I seem to be getting rate-limited by the top-level domain k12.sd.us. Perhaps k12.sd.us isn’t registered with Let’s Encrypt as a TLD? I have registered dozens of domains under k12.wi.us in the last couple of weeks, but this is the first one I have tried under k12.sd.us.
Dang. I’m not a DOE contact for SD, unfortunately. I work primarily with WI districts and have contacts in this state, but this SD district is a bit of an outlier for me. I’ll see what I can do about working with SD authorities to get themselves uncommented on that list.
Thank you so much for such a thorough, well-researched answer! I had no idea that Public Suffix List was a thing!
@mnordhoff nailed it. The problem is that an admin for the domain k12.sd.us had it removed from the Public Suffix List. The domains under k12.sd.us are each operated by individual organizations. For example, I’m not associated with Brandon Valley school district. There are dozens of districts that each manage their own domains, and will each be requesting their own LE certs. For now, I’ll try to get the folks who run k12.sd.us to reqlinquish their Public Suffix List exception.
I guess there’s some tension between different people’s desire to declare “k12.sd.us is all one single entity for trust purposes” or “k12.sd.us is many different entities for trust purposes” (interestingly both related to digital certificates).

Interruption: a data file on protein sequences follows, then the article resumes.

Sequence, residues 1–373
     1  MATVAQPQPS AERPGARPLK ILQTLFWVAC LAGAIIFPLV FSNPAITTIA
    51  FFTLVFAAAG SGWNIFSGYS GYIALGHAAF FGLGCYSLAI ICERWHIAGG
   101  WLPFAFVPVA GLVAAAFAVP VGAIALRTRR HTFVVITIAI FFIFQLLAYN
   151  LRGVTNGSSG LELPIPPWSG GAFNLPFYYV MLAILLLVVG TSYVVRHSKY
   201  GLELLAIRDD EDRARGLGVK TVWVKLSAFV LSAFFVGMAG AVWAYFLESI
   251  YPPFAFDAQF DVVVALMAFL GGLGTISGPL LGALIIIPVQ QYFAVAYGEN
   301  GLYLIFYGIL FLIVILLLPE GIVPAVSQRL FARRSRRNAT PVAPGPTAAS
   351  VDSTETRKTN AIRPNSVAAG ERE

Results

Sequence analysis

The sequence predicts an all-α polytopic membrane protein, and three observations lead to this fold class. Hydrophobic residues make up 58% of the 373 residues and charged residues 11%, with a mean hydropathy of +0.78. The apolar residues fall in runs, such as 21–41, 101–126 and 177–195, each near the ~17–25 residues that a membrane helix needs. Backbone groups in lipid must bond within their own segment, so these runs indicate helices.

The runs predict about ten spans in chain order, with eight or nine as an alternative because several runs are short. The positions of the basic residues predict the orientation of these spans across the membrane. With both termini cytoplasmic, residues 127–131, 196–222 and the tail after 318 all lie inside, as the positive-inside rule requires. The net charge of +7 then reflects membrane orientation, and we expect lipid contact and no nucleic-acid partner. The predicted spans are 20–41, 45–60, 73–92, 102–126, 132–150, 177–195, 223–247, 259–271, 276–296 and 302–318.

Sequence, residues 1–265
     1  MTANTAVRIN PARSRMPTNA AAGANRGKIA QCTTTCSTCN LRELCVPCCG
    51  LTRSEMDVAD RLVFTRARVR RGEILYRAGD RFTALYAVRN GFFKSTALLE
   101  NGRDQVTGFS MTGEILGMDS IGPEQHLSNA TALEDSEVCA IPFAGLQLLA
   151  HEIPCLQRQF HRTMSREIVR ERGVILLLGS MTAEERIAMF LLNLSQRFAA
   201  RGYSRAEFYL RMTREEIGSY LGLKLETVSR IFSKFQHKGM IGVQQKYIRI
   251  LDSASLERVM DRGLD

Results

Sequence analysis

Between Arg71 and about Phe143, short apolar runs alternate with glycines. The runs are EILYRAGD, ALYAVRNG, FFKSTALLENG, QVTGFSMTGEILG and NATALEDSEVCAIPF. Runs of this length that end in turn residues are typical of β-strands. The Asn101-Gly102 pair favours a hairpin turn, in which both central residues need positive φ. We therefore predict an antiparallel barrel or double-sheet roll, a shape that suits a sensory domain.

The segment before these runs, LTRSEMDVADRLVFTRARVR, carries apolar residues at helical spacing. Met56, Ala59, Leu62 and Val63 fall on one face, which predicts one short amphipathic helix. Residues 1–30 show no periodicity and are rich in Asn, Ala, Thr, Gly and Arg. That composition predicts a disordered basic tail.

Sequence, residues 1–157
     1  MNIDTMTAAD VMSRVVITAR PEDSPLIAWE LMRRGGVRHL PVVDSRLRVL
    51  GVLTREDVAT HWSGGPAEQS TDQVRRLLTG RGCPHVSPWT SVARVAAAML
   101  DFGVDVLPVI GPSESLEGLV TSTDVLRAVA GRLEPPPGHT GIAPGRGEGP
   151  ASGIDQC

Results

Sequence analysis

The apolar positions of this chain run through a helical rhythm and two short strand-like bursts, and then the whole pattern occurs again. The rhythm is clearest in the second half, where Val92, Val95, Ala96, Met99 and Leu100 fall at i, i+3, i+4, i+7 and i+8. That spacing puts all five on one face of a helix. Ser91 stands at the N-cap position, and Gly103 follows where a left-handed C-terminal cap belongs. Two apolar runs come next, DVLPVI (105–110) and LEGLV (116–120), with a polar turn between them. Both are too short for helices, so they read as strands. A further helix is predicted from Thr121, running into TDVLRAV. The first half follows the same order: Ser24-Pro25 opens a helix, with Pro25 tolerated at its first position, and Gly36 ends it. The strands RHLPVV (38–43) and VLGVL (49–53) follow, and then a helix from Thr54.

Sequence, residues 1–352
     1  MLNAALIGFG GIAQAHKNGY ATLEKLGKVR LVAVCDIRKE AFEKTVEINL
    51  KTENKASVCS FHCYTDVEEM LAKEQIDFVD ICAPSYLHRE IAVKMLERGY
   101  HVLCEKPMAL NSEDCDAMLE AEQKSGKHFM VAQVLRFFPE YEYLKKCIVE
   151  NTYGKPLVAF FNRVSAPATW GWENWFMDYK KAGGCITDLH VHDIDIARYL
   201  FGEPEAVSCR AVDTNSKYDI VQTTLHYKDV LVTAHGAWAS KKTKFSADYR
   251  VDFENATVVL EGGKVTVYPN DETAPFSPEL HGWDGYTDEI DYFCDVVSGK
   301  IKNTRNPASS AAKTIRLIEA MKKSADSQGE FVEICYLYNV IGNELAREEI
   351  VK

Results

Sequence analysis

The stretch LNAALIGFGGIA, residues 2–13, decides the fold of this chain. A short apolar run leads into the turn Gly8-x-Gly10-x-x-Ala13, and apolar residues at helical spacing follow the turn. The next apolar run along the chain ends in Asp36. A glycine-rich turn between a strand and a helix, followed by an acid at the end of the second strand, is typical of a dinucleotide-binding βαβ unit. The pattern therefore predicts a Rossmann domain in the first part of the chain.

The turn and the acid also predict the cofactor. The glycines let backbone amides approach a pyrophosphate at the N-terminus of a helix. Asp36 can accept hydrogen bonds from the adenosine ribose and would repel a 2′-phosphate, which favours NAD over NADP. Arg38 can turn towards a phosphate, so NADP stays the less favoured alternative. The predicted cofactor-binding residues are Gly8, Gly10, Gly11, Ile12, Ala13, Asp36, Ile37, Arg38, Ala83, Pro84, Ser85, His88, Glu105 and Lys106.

Let’s Encrypt wasn’t a thing when they requested to be removed from the PSL. I’m hoping the development of LE will be a reason for them to reconsider and hopefully reverse their policy.
We’ll see! I wonder if they’ll have to invalidate their wildcard cert if they get back on the PSL. If not, they can go back on the list and still take 2 years to figure out the technical ramifications before anything bites them.
It’s a good intuition not to paste any authentication-related data on public web sites, but the authentication token here turns out not to be particularly sensitive. It’s a short-lived one-time-use random number which would allow someone with access to post content on your web site to confirm your specific certificate request. It can’t be used for any other purpose and doesn’t allow access to your site’s secret key or to your Let’s Encrypt account. So I wouldn’t worry about it.